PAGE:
The training options were so numerous that it was somewhat dizzying. Using your Garmin, you can set up workouts based on time, distance, calories or heart rate. You can also set up interval workouts which time your rest and tell you when to start the next interval. Advanced users can set up more complex workouts through the online community, Garmin Connect. Other training options include use of a virtual partner, and creating a specific course on which you can compare your times across workouts. These tools would all be great for someone without a local coach or frequent training partners, but who is looking to follow a specific training plan. They would also be helpful for anyone who likes to see the detailed data from workouts and plan their training accordingly.

The GPS uses satellites to not only track your speed, distance and elevation, but can also be used for navigation. You can set points, and then use the GPS to navigate back to those points. This could be quite useful if you are travelling cross country or navigating by map.

Believe it or not, that is just a quick overview of the data. Another related question is, how easy is it to find and use this data?

The touch bezel is the main feature used to navigate through this little computer. It’s somewhat similar to the click wheel on an ipod, so it feels fairly instinctive to use. It allows the runner to navigate through a ton of data without including a ton of buttons on the watch itself. In fact, aside from the touch bezel, the 405 only has two buttons—your standard start/stop and lap/reset. The bezel is pretty sensitive, which has its pluses and minuses. I found that I could still use it while wearing thin running gloves, which is nice in cold weather. Unfortunately I also found that jacket sleeves, backpack straps, or the occasional errant pigtail that accidentally brushed against the bezel registered as a click. The solution to this problem is to keep it in “lock” mode most of the time. This works well, but it does require an extra step when navigating through the data (in order to "unlock" it). Once I got used to using the bezel, I thought it was a pretty slick feature.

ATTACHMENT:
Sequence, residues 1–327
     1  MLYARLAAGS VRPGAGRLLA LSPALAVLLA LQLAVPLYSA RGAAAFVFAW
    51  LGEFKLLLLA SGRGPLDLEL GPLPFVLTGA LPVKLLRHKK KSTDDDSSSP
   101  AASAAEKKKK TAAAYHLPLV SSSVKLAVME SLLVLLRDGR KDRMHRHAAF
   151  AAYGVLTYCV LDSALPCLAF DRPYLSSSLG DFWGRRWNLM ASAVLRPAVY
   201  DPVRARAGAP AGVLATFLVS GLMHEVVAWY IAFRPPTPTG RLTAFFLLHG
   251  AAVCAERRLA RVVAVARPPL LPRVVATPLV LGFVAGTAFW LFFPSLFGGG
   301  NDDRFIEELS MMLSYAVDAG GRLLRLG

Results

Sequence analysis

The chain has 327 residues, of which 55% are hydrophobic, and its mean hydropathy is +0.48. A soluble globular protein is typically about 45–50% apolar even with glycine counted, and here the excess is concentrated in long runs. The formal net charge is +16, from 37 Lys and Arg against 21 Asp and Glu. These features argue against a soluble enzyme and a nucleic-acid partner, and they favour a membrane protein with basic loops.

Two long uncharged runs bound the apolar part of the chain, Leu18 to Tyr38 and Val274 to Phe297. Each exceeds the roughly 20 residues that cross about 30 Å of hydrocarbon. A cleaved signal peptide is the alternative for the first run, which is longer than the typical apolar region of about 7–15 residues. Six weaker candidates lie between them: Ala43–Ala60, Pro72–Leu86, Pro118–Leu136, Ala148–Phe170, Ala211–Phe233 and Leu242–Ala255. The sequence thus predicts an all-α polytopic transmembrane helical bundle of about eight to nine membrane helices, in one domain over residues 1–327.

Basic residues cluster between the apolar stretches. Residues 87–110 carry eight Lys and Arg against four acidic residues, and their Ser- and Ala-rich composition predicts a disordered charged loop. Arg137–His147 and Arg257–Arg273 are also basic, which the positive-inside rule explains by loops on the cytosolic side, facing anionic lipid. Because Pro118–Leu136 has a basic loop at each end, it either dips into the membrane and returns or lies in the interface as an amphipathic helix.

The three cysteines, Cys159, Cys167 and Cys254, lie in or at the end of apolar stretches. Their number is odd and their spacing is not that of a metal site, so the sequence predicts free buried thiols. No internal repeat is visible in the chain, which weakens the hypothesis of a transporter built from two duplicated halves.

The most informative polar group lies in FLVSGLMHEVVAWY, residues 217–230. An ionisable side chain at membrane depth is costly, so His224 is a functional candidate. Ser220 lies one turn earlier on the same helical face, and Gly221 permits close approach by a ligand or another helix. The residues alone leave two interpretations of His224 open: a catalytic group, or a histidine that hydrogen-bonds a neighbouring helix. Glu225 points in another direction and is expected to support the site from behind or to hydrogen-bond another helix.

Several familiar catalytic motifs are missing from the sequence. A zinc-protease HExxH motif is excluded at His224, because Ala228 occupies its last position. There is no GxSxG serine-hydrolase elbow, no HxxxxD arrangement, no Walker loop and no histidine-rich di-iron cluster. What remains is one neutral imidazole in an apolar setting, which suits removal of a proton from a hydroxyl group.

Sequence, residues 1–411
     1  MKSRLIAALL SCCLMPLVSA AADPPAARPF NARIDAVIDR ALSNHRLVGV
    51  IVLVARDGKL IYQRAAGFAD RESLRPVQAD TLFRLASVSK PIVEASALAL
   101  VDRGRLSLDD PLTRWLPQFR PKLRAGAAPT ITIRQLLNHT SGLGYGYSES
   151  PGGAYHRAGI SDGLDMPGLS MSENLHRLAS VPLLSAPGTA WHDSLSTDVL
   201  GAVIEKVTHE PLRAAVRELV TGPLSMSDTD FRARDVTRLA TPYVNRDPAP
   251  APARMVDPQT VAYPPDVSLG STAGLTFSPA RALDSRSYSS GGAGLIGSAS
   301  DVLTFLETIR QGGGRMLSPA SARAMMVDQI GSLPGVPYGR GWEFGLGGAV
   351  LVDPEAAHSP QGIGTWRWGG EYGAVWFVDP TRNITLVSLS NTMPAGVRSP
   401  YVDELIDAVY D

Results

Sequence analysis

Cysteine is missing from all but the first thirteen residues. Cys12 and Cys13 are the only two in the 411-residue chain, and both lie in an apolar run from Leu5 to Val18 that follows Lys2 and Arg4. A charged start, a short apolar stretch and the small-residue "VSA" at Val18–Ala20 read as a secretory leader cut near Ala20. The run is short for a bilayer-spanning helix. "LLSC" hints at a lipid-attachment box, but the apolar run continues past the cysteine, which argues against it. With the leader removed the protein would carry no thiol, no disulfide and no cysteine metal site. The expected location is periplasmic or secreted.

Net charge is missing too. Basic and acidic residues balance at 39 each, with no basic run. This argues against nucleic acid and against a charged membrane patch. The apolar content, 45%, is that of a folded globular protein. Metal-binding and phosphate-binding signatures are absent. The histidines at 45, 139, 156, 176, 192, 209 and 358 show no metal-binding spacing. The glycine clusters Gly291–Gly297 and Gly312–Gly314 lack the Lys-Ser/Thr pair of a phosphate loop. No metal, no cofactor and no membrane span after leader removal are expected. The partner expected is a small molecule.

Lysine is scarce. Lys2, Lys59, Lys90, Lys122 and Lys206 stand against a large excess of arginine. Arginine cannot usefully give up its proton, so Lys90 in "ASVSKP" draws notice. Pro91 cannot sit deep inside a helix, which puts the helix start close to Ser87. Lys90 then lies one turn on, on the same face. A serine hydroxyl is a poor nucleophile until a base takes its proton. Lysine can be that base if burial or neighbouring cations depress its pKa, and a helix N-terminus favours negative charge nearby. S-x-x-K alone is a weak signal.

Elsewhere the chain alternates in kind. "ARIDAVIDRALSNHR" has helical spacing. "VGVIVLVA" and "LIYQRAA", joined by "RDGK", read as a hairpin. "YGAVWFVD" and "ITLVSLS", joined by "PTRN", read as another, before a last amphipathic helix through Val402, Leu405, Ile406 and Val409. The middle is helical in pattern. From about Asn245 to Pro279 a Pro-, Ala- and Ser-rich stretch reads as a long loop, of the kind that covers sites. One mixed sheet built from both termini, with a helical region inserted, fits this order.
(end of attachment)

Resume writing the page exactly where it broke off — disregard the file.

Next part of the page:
Another important use of the data on the 405 involves the Garmin Connect online community. After logging a run on your watch, you connect wirelessly to your computer and upload your information from that run to Garmin Connect. Here you can see a map of your route, elevation profile, and your speed at any point on the run. You can see an example from my run at this year's HK 50M here. This was one of my favorite features of the 405. After all, the best part about having all that information is the ability to analyze it, manipulate it and share it. From Garmin Connect, you can share with other users, or upload your data to your own website or blog. Pretty slick!

Among the many other features, one thing I personally liked was the auto pause option. With the auto pause on, the timer will stop whenever you do. I am notorious for stopping my watch to run into the bushes and pee, and then forgetting to push “start” again. The auto pause saved me from my own timing woes! (Just remember to turn this feature off on race day.)

That certainly doesn’t cover everything this watch does, but that’s probably already more than you have time to read about.

Does it do everything instantly?

Most things on this watch are pretty instantaneous. The wireless uploading was easy. The only time I became wary of how long things took was when first going into training mode from power save mode. The watch needs to locate the satellites, and depending on your location, this could be instantaneous or, or it could take up to a minute or two. That can be rather embarrassing when you’re about to start an interval workout on trail with a group and you have to make everyone wait until your fancy watch locates satellites. I mean, not that I would know. Imagine how inconvenient that could be when you’re on the starting line and the gun goes off. Just plan in advance.

Is it user-friendly?

In a word: yes. I did need the manual to get started, but I’ll be honest, I’m not much of a read-the-manual type girl. I prefer to just start pushing buttons and figure things out. If you can’t do it that way, then I’d say it was designed poorly. I had more than one day where I arrived at the trailhead and wanted to change a setting or something that I didn’t really know how to do. I could always figure it out eventually just by clicking around through the various screens. I’d give this one a big thumbs-up on user-friendly.

Is it attractive and comfortable?

I guess this one is largely a matter of personal opinion. I will say that it’s far less weird-looking than previous editions of the Forerunner. It can actually pass for a watch, albeit a rather large one if you’re a woman with a small wrist, like me. I can’t say that it ever felt like it fit well, and it quickly created a sore spot against my wrist bone which I couldn’t figure out how to avoid. If I wanted to wear it running 5 days a week, it could potentially be a real annoyance. Since I’m more of an occasional GPS-wearer, I can’t say it was a big issue.